TCS Daily


West Is Freer, But East Improves Faster

By Carlo Stagnaro - January 31, 2005 12:00 AM

Most people tend to believe that Europe and the European Union are the same thing. Such a claim may be true in the sense that the EU is a cartel of the governments of the old Continent. But, if you look at the Heritage Foundation-Wall Street Journal's Index of Economic Freedom 2005, you'll realize it is completely false as far as liberty is concerned. This is especially significant as this year's index pays more attention than before to Europe, perhaps as a consequence of the partnership the editors could develop with a few European think tanks, including the Centre for a New Europe (Brussels), F.A. Hayek Foundation (Slovakia), Institute of Economic Affairs (UK), Institute for Market Economics (Bulgaria), and Istituto Bruno Leoni (Italy).

In fact, while Europe is "leading the push toward more economic freedom", the dominant EU countries did not have a good performance last year. Nor have they been significant champions of economic freedom, to tell the truth. In fact, this year's Index show that small countries tend to be freer in Europe; it also shows that Eastern European countries tend to improve faster in terms of economic freedom than Western ones. France and Germany, the most important countries in the EU decision making, rank respectively 44 and 18; compare them with, say, Estonia and Luxembourg, that rank respectively 4 and 3.

The following tables show the scores and rankings for the EU15 and EU25 countries.

Old European Countries

Country

Score 2005

Ranking 2005

Score 2004

Ranking 2004

Category

Delta

Population

Austria

2.09

19

2.08

20

Mostly Free

+0.01

8,145,400

Belgium

2.13

21

2.19

22

Mostly Free

-0.06

10,372,000

Denmark

1.76

8

1.80

8

Free

-0.04

5,383,000

Finland

1.90

15

1.95

14

Free

-0.05

5,206,300

France

2.63

44

2.63

44

Mostly Free

=

61,539,641

Germany

2.00

18

2.03

18

Mostly Free

-0.03

82,536,700

Greece

2.80

59

2.80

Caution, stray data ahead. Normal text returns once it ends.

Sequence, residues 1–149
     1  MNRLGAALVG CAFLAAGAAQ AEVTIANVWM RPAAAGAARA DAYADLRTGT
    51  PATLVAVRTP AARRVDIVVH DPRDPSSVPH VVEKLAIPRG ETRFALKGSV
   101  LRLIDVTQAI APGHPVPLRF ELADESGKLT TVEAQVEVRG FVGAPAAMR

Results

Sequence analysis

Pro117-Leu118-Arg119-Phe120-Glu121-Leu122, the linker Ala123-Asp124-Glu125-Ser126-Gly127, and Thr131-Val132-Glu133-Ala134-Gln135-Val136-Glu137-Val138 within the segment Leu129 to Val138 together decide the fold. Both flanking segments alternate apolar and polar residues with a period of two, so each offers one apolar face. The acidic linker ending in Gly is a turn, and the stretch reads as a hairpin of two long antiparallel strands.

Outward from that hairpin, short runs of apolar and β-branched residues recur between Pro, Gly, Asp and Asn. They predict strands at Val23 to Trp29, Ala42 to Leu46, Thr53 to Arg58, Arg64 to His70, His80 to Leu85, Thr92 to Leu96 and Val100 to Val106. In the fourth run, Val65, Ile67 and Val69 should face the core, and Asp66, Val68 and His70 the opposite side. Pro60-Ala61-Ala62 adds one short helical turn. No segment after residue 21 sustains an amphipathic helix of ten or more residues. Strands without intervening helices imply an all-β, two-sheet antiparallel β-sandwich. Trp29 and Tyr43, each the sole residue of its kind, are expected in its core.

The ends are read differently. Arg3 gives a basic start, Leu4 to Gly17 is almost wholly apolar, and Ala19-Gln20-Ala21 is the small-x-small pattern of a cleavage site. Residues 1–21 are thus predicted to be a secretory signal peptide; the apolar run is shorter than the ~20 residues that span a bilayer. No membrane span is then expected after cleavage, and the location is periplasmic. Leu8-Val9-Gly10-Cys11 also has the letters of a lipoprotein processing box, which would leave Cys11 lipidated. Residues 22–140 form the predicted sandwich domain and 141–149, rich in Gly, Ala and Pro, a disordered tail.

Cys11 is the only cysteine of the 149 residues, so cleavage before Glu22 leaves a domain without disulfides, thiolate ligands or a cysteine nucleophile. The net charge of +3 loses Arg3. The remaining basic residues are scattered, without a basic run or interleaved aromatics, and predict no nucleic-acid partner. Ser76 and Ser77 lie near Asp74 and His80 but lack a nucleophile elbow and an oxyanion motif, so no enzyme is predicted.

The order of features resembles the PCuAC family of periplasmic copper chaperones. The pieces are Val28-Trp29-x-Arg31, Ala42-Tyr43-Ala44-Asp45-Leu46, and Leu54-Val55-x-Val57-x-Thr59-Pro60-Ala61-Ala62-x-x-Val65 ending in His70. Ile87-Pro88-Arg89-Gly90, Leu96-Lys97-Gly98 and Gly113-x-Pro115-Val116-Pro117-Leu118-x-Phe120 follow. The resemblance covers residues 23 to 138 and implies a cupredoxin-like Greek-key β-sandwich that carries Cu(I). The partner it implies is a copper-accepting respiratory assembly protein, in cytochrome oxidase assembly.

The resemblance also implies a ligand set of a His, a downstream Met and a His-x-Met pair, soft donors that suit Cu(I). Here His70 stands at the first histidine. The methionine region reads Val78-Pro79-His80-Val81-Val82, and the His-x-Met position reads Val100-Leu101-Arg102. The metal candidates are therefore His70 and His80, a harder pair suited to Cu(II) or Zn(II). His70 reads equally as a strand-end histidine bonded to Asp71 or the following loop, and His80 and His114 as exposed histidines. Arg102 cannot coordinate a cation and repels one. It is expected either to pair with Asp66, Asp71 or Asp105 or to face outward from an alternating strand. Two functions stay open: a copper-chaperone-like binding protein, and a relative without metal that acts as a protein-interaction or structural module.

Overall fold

54

Mostly Free

=

11,018,400

Ireland

1.70

5

1.74

5

Free

-0.04

3,963,600

Italy

2.28

26

2.26

26

Mostly Free

+0.02

57,321,000

Luxembourg

1.63

3

1.71

4

Free

-0.08

448,300

Portugal

2.44

37

2.38

31

Mostly Free

-0.04

10,407,500

Spain

2.34

31

2.31

27

Mostly Free

-0.03

41,550,600

Sweden

1.89

14

1.90

12

Free

-0.01

8,940,800

The Netherlands

1.95

17

2.04

19

Free

-0.09

16,192,572

United Kingdom

1.75

7

1.79

7

Free

-0.04

60,270,708

New European Countries

Country

Score 2005

Ranking 2005

Score 2004

Ranking 2004

Category

Delta

Population

Cyprus

2.13

21

1.95

14

Mostly Free

+0.18

765,000

Czech Republic

2.36

33

2.39

32

Mostly Free

-0.03

10,200,300

Estonia

1.65

4

1.76

6

Free

-0.11

1,356,045

Hungary

2.40

35

2.60

42

Mostly Free

-0.20

10,142,400

Latvia

2.31

28

2.36

29

Mostly Free

-0.05

2,338,000

Lithuania

2.18

23

2.19

22

Mostly Free

-0.01

3,469,000

Malta

2.33

29

2.51

37

Mostly Free

-0.18

397,000

Poland

2.54

41

2.81

56

Mostly Free

-0.27

38,218,500

Slovakia

2.43

36

2.44

35

Mostly Free

-0.01

5,379,200

Slovenia

2.64

45

2.75

52

Mostly Free

-0.11

1,996,433

Such data allow us to draw the following conclusions.

The West Is Freer, But the East Improves Faster

On average, Western European countries are freer than Eastern ones: the former score 2.09, while the latter score 2.29. That is not surprising. Most Eastern countries were governed by communist tyrannies 15 years ago, and before gaining more liberal institutions they had to go through chaotic and unstable governments. However, the divide between the West and the East is decreasing: in 2004 the former scored on average 2.10 and the latter 2.38. This means that the West improved its economic freedom by less than 0.04 points, while the East gained almost 0.08. The median rank of the East is 29.5 (32.5 last year) and 21.6 in the West (20.7 last year). The East gained 3 positions, while the West lost 1 in a one year time span.

Small Countries are Freer

Evidence suggests the smaller, the freer. On average, small countries (population size less than 10,000,000) scored 2.05, as larger countries score 2.30. Out of 8 European countries that are ranked as "free", 6 (75%) are small countries.

Smaller countries tend to be more free-market oriented for several reasons. In smaller states, citizens can better understand how tax money is spent and democracy can work better: politicians who waste public resources, either for personal or ideological reasons, face greater difficulty getting reelected. Antonio Martino, the Italian minister of Defense, points out that "generally less regulated countries are the small ones."


 

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